“If we're going to save this nation, I think Congress has a role to play. But by far, the dominant role will be from the states and state leaders,” Rep. Andy Biggs of Arizona, the outgoing chairman of the House Freedom Caucus, said in a phone interview.

Biggs, who sees the growing national network as a highlight of his time as Freedom Caucus chairman, also hopes that the network can serve as a means of communication between and among the state legislatures and Congress. The vision is for conservatives to keep each other informed about issues gaining traction among their base and to adopt strategies that have been effective elsewhere.

Some legislative Freedom Caucuses are in the beginning stages of trying to get established. Other legislative Freedom Caucuses in Texas, Idaho, and New Hampshire formed years ago out of natural inspiration from the congressional version but are eager for the collaboration and resources that come with formalizing a relationship with the House Freedom Caucus.

“We had to find out a lot of what didn't work before we found what did work,” said Mikael Garcia, executive director of the Texas Freedom Caucus, which formed in 2017.

The group, which has nine sitting members listed on its website, made waves that year by forcing delays past a midnight legislative session deadline that killed more than 100 bills. The members knew that killing a key funding bill would prompt a special session, during which time they were able to bring up other conservative legislation that would not have been considered before the end of the regular session.

Garcia said that “learning cold the parliamentary rules” has been critical to his own group’s success, “not just because we know them so well, but also because nobody else knows them at all.”

Georgia’s Freedom Caucus, like its congressional counterpart, is not releasing a list of its members, partly to protect members from retribution from leadership.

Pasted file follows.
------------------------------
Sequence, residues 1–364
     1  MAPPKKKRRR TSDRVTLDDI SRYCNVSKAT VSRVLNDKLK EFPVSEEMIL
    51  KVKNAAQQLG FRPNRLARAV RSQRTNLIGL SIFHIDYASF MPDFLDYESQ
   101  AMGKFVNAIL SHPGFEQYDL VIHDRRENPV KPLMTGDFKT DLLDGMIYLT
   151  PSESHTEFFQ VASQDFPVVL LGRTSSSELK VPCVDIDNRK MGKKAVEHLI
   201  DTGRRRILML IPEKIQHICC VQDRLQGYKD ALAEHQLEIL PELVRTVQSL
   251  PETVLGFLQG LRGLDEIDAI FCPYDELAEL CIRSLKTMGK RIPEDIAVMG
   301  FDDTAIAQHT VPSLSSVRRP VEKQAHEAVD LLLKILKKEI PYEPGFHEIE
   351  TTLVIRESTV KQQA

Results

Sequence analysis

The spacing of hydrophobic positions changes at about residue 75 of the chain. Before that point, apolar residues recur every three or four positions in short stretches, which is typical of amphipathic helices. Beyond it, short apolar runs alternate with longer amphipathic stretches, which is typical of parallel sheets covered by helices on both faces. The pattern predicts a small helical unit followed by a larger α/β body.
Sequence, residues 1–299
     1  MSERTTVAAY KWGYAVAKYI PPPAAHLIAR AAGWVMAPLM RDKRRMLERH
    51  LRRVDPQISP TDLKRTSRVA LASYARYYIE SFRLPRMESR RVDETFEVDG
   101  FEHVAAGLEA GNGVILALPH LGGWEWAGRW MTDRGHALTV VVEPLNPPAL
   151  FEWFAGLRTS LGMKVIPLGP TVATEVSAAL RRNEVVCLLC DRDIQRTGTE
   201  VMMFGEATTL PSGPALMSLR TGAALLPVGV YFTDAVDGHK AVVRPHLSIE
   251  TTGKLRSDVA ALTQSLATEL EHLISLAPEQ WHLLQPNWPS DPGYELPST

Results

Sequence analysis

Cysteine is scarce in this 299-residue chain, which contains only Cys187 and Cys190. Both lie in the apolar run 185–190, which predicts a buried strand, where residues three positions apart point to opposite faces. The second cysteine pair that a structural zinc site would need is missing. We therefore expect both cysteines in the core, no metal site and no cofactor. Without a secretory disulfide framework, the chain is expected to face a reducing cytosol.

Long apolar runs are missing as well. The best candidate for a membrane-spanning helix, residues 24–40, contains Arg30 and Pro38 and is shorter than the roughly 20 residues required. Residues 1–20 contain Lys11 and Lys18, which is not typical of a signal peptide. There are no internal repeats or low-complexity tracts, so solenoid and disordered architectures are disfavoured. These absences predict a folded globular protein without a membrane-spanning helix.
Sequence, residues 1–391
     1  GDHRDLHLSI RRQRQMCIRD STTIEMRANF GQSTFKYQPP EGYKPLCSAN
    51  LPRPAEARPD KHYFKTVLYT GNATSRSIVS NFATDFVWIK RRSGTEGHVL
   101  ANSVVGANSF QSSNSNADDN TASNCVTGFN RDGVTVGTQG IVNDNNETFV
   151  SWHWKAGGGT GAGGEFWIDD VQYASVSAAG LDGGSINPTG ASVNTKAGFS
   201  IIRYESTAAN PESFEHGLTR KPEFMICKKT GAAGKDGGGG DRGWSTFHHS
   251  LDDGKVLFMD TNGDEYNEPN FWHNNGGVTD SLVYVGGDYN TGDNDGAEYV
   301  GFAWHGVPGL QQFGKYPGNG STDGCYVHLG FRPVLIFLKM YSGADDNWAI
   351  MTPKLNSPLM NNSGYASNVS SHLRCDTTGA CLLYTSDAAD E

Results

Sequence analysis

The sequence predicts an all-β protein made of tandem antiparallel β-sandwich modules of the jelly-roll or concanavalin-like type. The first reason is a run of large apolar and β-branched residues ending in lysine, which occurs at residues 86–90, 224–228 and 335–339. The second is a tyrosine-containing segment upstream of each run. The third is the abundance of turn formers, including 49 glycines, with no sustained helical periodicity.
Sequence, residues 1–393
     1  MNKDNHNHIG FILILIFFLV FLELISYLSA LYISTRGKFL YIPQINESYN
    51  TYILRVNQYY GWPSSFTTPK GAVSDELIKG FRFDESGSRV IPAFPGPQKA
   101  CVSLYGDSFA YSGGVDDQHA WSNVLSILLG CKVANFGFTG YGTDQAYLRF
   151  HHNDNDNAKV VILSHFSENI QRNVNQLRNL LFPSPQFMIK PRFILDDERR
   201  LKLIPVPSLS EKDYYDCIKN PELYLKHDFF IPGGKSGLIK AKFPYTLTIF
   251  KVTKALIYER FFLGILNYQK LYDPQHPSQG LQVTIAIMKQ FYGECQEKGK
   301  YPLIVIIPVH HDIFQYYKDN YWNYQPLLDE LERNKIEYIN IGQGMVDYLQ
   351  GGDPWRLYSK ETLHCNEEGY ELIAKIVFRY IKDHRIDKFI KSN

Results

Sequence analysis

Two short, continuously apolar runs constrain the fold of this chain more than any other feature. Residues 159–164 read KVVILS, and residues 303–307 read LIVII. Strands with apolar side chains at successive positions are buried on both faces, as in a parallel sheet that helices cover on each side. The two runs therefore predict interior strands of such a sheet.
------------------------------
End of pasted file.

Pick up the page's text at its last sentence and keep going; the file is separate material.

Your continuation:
“Our membership is much deeper and wider than expected,” Singleton said. “We're much stronger if our full strength is not known.”

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(Emily Brooks/Washington Examiner)

More than 200 operatives and lawmakers from more than 20 states gathered for a dinner Tuesday night to celebrate the launch of the network, hosted by the Conservative Partnership Institute, which is supporting the State Freedom Caucus Network.

Former White House chief of staff Mark Meadows, a founding member of the House Freedom Caucus and senior partner at the Conservative Partnership Institute, delivered a keynote speech at the dinner just hours before the House voted to hold him in criminal contempt of Congress for refusing to comply with a select committee investigation into the Jan. 6 riot at the Capitol.

“As we are here, there are a group of Freedom Caucus members on the House floor, debating and fighting for a friend of theirs because of what they see happening to him,” Meadows told the room.


He warned the state lawmakers, though, that it will not always be pretty. He recalled commentary that his career was over after making an obscure motion to vacate the chair in 2015. That move, however, contributed to Speaker Boehner resigning from Congress later that year. The House Freedom Caucus turned into a force in less than a year.

“When you decide to do your Freedom Caucus, they're gonna pat you on the hat and say, ‘That's great for you. You'll never amount to anything,’” Meadows said. But then: “They realize that you have enough leverage to stop what they're trying to get done, and you actually get invited to the table."